For Week 1 of Easter
If you have been doing so during the season of Lent, then I invite you to continue the practice of spiritual reflection as we begin the 50 celebration of Eastertide! Easter is too amazing to relegate to just ONE day! We follow the church seasons and Eastertide is time to revel in the joy of being and seeking signs of New Life in Christ. In the weeks to come, we’ll hear how the presence of the Risen One affected those first to experience him. Take time this first week of Easter to reflect upon the thoughts I’ve written below — better yet: find a friend to reflect together!
Blessings for the start of the Season of Easter!!!
— We can draw the shape of life as the resiliency spiral: an upward slant with a curved loop underneath, like a comma hanging mid-sentence. One author writes that “the upward line begins to curve back on itself and eventually curves down. Resiliency is trusting that the curve will come back up . . . (for) when the curve heads south, God is still at work in the midst of the shifts and changes.” (Weavings: Resilience, “The Resiliency Spiral;” Larry Peacock, Feb/Mar/April 2013). The resiliency spiral is a continuous spiral of life!
— Again standing up is the literal translation for the Greek word used in the bible to talk about Jesus’ resurrection. Again standing up may sound so crude, so earthy as we think about resurrection. But then again, as one has written: “We all lie down. We all rise up, everyday” – not on our own. Something else awakens us each morning. One author writes that resurrection – again standing up – is “getting up again, no matter what lays you flat.” (Weavings: Deliverance, “The Advent of Resurrection,” Robert Corin Morris, Nov/Dec. 1997, p 23-31). Like Christ, we do not do it on our own, but by that mysterious power; that Life Force. God’s mysterious power of Life that triumphs again and again and again.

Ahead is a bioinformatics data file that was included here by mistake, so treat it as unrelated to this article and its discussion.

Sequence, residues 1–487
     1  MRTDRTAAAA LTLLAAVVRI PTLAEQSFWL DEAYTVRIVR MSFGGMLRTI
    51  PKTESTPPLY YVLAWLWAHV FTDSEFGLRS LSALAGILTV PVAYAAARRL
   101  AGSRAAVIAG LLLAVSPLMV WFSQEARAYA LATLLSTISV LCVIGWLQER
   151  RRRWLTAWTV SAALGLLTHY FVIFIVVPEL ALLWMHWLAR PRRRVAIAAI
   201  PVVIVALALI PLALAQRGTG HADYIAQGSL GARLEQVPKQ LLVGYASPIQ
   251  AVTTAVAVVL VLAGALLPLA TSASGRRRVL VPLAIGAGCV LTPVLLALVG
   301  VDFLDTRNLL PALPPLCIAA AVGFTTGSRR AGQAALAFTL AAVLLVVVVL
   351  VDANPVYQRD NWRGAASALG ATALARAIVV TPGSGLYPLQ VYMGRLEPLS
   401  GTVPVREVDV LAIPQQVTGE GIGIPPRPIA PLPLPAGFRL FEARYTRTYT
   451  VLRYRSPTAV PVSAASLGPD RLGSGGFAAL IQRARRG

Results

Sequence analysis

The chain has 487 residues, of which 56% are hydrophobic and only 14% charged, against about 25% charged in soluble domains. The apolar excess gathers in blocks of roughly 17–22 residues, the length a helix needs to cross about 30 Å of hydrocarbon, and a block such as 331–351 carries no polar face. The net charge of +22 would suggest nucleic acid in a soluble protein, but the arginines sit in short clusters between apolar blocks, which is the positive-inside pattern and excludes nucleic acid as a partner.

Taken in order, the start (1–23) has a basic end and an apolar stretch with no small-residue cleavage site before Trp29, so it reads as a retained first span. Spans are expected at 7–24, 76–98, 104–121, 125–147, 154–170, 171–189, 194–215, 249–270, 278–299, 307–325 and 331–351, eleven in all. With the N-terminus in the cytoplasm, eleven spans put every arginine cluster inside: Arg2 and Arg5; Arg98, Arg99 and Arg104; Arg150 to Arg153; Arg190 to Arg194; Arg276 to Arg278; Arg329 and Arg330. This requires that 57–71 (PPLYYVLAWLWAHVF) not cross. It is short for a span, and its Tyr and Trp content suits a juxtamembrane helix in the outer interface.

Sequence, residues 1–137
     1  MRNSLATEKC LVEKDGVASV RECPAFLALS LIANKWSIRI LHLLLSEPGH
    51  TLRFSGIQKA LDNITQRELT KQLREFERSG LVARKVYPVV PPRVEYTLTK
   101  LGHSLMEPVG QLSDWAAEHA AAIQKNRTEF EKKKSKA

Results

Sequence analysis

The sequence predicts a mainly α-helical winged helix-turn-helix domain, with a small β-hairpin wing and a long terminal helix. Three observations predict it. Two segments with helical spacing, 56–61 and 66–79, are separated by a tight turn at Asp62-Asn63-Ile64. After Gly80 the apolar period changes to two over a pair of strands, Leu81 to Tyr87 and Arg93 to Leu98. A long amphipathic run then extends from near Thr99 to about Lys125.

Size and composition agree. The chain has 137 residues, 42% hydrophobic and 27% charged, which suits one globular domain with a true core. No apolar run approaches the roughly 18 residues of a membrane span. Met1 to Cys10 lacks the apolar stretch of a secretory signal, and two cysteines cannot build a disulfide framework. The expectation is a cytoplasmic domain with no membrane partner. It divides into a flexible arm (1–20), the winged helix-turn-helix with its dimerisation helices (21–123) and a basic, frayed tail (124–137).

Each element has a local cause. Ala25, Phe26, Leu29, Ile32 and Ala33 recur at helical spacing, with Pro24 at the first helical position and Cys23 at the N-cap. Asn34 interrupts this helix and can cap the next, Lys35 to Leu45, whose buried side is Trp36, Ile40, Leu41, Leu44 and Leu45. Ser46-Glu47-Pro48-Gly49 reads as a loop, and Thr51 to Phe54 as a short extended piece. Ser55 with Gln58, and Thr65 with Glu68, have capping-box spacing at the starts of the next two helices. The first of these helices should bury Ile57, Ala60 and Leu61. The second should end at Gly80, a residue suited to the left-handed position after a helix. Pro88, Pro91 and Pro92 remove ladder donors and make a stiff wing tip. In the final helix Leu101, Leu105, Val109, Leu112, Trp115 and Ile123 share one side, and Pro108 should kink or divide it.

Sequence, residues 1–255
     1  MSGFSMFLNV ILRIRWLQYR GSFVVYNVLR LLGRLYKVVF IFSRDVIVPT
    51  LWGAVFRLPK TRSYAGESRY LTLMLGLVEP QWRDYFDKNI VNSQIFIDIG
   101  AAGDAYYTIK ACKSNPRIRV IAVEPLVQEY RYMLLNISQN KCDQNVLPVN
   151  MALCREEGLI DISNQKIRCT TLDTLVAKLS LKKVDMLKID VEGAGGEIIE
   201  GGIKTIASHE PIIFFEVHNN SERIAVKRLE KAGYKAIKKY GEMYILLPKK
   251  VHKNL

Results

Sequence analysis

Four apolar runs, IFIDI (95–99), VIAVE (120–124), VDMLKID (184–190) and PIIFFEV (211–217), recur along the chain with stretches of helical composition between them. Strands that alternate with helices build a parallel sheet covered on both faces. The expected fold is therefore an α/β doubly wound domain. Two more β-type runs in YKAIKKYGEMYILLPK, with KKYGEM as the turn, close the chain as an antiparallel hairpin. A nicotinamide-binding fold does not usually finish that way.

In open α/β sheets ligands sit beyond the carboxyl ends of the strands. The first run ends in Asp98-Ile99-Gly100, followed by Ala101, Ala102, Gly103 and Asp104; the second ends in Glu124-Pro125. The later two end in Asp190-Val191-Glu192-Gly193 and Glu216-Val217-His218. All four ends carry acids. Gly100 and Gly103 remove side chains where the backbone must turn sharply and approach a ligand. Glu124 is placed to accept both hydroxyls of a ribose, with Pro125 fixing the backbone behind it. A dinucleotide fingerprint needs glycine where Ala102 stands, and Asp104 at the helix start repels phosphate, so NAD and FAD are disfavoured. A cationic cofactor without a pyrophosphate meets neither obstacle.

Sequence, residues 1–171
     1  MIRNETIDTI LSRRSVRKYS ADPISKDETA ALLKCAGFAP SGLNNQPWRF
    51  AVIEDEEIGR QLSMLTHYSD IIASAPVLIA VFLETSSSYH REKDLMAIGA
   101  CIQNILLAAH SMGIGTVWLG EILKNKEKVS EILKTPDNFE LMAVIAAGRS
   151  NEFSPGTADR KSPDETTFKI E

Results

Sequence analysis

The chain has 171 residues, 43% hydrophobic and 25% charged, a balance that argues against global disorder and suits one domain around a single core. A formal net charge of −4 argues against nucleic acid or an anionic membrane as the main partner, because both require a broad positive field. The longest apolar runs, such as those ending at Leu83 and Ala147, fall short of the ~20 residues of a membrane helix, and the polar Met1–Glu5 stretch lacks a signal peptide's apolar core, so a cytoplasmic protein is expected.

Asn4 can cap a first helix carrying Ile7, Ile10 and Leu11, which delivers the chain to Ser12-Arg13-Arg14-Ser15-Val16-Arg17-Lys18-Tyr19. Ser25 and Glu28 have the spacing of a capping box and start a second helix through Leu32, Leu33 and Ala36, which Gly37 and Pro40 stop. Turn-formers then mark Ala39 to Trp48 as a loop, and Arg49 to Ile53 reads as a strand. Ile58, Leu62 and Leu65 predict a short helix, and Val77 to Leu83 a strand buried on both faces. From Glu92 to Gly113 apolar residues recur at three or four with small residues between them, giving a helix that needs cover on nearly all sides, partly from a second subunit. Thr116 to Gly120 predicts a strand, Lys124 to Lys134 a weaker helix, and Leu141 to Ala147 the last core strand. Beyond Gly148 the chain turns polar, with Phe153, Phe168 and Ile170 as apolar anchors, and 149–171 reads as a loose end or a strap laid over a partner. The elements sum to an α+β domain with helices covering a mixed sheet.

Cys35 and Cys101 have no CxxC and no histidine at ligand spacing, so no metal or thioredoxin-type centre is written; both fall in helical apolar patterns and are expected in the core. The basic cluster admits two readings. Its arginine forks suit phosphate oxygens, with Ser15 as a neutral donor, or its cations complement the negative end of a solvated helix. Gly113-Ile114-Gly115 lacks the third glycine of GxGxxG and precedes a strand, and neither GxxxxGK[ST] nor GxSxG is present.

1. How does drawing the shape of life in a spiral instead of an upward, slanted line affect your outlook on life – in days that are wonderful and days that are terrible and every day in between?
2. What practices do you undertake (or might you in the future) to increase your resiliency?
3. Explore how you have experienced resurrection in your life by reflecting upon those experiences that have laid you flat. Reflect upon the fact that you again stand up. What spiritual lessons do you carry with you from such life experiences? How can they give you hope to face whatever is to come?
TO GET INTO IT ANOTHER WAY (for individual reflection):
Draw a recurring resiliency spiral on a large sheet of paper. Begin placing your life events on this spiral – either using words, or other symbols that represent those times of life for you. Note where you are on the spiral today and offer that to God in a time of prayer.
FOR ACTION (for individual reflection):
For one week (or the whole season of Eastertide if you like) pay attention and keep a written log or journal of experiences of resurrection – of again standing up. These may be from the natural world, from your own life, or from the life of those you learn about along the way. Begin naming such experiences as signs of God’s resurrecting work. If you’d like, share that with those who you see again standing up. Find one way to celebrate or thank God for being the amazing God of Life!